Ironweed and anemone, generally signs of fall, were in full bloom.
(Obviously, these pictures were taken in very different areas of Wildwood.)

Grasses and other plants were busily going to seed, and while I am never fast enough to get bird pictures with my camera, the little seed-eaters were everywhere. Some trees are even starting to turn, like this redbud and what I think was a dogwood at the other end of a meadow.

 Of course, autumn isn't quite here yet. This far north, some of the thistles are only now beginning to bloom,

which makes me wonder if some of the goldfinches flitting through the fields today might only now be preparing to raise the next generation. Autumn is cause for celebration, but so is the hanging-on of summer.

Monday, August 19, 2013

Raindrops keep fallin'

The working title for today's entry was "Yet another reason to love grass," but I couldn't restrict myself to writing about grasses, since what got me excited was the aftermath of yesterday's rain. We had had off-and-on drizzle for several hours, and even with no rain falling, the air was so damp that raindrops were staying right where they landed, reminding me of a friend's description of her home in North Florida: "The air's so thick you can breathe through gills here."  But despite my general dislike of humidity, of which we have had more than enough this summer, rain on the grasses had me as happy as sunshine on my shoulders. (Note to universe: not on a daily basis, and not all year round.) Instead of having to drag hoses from the rain barrels and wonder if I should go in for sunscreen--but I won't be out that long--I was captivated by raindrops taking their own sweet time going wherever it is that raindrops go when they finally drop off of the things on which they've fallen.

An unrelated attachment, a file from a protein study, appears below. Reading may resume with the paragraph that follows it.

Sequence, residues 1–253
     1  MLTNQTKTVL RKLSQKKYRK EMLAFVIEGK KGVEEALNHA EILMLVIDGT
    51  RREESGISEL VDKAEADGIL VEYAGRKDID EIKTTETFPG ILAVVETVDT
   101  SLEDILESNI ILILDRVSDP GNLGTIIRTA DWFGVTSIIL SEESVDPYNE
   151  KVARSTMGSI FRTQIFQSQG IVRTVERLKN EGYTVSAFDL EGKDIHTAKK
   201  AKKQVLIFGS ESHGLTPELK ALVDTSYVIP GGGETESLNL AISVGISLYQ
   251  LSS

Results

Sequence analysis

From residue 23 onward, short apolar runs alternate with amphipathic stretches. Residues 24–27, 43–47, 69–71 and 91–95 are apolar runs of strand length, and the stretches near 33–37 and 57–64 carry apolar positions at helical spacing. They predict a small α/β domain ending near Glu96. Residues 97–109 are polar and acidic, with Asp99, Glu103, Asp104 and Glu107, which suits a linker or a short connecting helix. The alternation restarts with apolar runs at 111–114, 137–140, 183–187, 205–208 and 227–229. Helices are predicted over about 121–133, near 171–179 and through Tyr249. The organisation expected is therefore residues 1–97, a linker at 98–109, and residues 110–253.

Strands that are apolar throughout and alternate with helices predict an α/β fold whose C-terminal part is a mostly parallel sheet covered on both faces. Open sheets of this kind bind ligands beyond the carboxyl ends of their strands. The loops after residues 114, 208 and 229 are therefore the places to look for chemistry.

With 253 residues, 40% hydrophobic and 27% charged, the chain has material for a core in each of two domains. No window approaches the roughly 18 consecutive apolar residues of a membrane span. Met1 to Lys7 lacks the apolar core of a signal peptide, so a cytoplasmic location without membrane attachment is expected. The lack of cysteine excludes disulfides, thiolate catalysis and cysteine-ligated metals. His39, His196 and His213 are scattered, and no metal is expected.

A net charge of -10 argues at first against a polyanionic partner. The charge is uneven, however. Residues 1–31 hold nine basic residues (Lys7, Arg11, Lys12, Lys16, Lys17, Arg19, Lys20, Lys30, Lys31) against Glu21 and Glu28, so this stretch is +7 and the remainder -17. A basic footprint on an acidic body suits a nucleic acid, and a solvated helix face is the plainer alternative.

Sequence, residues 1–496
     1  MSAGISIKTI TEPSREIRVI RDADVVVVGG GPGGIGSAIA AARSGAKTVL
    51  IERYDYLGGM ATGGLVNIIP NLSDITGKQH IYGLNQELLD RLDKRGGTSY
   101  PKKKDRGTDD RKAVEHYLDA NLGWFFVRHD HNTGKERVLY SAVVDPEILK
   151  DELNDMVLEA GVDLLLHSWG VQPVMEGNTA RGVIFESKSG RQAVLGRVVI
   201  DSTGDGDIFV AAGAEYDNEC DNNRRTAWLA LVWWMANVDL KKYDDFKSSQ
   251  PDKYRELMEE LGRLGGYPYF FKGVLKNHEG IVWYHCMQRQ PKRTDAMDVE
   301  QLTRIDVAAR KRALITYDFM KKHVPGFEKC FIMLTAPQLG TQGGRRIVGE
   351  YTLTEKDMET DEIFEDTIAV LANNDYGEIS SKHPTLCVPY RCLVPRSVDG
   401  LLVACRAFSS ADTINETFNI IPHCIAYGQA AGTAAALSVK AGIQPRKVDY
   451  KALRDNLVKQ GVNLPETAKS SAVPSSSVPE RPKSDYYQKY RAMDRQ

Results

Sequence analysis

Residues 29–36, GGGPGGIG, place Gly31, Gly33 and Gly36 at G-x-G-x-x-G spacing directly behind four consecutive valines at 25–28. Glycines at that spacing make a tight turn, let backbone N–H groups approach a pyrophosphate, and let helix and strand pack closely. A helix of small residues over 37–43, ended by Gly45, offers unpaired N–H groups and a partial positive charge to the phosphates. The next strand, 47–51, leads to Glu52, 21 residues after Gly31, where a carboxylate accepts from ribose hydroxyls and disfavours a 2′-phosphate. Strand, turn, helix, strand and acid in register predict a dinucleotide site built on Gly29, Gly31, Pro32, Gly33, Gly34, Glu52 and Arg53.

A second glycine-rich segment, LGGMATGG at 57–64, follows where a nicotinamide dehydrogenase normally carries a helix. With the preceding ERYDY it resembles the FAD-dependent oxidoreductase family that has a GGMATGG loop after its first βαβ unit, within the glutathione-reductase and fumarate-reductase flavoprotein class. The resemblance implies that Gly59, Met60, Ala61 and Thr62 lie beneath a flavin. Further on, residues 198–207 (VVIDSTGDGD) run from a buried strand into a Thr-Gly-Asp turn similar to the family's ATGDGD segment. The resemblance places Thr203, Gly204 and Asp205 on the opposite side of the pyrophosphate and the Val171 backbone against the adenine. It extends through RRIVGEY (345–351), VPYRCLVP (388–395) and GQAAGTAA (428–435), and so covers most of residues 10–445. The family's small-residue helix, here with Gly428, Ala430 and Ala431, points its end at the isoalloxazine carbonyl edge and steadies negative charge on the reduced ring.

The purple lovegrass had become an ankle-high purple mist,
totally different from the switchgrass growing behind it, tall plants on which the droplets seemed to dance, even with no breeze.

My beloved muhly grass has been rather a dud this year,only now forming the bunches that are its characteristic form, but with raindrops hanging along every stem, I forgave it this year's lack of growth.
It wasn't only grasses providing temporary homes for tiny capsules of H2O. Jewelweed lived up to its name with fat, shimmering dots of water decorating every leaf.
And of course, physocarpus looks good wet or dry.

Tuesday, August 6, 2013

Update on the garden formerly known as hedge